Value Added: Opportunistic Is As Opportunistic Does
Here's Tom Heath's latest column on Washington's entrepreneurial set:
The career of Mark Ordan is an interesting one. He is kind of like Forrest Gump, always bumping into opportunistic situations, or creating them himself. He is part of the Washington entrepreneurial set that sniffs for good opportunities. I am talking about guys like financier Russ Ramsey, former AOL chairman Steve Case, CapitalSource's John Delaney and investor Mark Ein.
Ordan, 49, is part showman, part salesman. He isn't shy. He helped start the Fresh Fields grocery chain and considers himself to a born retailer.
So what is he doing as the new chief executive of Sunrise Senior Living, the publicly owned company that cares for 50,000 seniors every day?
"I thought this was an opportunity to combine everything I've known," Ordan said in a recent phone call. "It's an entrepreneurial company, a big complex company, and it's a very heavily real estate driven company. We are a developer of real estate and we take care of people. If you are a retailer with a background in corporate governance and a background in retailing service and you can be part of a company that has taken a level of service to another dimension, for me it's an opportunity to be partners with great entrepreneur like [Sunrise co-founder] Paul Klaassen."
Part of the rap on Ordan among local business types who will not put their name to their quotes is that he is a deal maker and marketer but not an operations guy. That's partly based on the experience at Fresh Fields, which expanded too fast and sold out to Whole Foods.
"I don't think that's the case," Ordan said. "Everything I have done is operationally intensive. I also surround myself with very good operators. In these kinds of businesses...you recruit top people. I couldn't slice fish and I couldn't cut meat when I was with Fresh Fields. I had no background in the food business. If I was good at anything, I was good at finding talented people and helping them do their jobs."
Ordan wasn't predestined for business. He grew up in Brooklyn, the son of a public school principal. His mother was a school secretary and aunts and uncles were teachers.
"I was the first person in my family to work during July and August," when school was out, he said. After studying ancient philosophy at Vassar College, his consumer electronics hobby led him in 1979 to a job as director of operations for Harvey Electronics, a chain of retail stores based an hour south of the college on Manhattan's west side.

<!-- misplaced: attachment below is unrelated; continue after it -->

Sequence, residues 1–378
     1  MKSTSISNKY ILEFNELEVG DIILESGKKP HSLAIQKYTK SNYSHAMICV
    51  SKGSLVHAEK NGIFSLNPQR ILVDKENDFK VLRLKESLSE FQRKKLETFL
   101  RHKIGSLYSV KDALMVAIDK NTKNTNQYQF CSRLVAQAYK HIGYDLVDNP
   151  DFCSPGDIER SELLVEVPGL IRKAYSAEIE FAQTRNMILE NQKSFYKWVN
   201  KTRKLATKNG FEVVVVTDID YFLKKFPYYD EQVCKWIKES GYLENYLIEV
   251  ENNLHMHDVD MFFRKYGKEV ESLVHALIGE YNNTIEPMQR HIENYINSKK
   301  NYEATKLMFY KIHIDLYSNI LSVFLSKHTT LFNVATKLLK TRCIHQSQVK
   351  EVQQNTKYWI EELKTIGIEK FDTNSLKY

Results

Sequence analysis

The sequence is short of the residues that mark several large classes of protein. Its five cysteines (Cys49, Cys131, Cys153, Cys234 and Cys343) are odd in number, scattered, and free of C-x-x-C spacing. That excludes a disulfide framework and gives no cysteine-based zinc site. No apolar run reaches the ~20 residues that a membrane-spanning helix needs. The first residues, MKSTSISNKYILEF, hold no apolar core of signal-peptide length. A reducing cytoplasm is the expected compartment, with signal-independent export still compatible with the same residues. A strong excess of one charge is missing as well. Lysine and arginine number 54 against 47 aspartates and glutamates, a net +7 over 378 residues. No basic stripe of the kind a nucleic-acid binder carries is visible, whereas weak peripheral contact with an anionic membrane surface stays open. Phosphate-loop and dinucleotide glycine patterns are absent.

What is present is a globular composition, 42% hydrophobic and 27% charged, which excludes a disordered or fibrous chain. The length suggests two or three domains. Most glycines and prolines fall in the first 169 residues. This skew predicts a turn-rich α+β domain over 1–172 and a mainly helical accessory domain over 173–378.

"I love the retail business. This chain was looking for a director of operations. I had to persuade them to take a chance on me. I said pay me what you pay someone out of college, which was about $14,000. But if it works, and if I am really good, then pay me what an industry veteran would get. I said I would leave in six months if I wasn't any good. After six months, they raised me to $30,000. At that point I thought I was rich."
After a year at Harvard Business School, he worked at Goldman Sachs, the gilded investment bank which is as close to a set-for-life job on Wall Street as there is. He worked in the equities department, serving high-net-worth individuals, of which Ordan is now a member in good standing. He also worked in Goldman's real estate deals.
But the retail bug was itching.
Ordan knew a guy named Leo Kahn who had spent his entire career in the supermarket business. Kahn was also an early investor in Staples, the office store chain. Kahn knew Ordan had a love of retailing and urged him to check out a grocery store called Bread & Circus in Newton, Mass.
It was the early 1980s and the store was a novelty. It was a good-for-you, organic grocery store targeted at health-conscious shoppers. It served healthy smoothies, baked fresh bread and had piles of ultra-fresh produce.
Ordan went to Newton, Mass., on a Saturday and the place was absolutely packed. "It seemed so obvious that this was a fabulous idea. Leo was our first investor and we started out with $14 million to open four stores. Kahn put up around $5 million."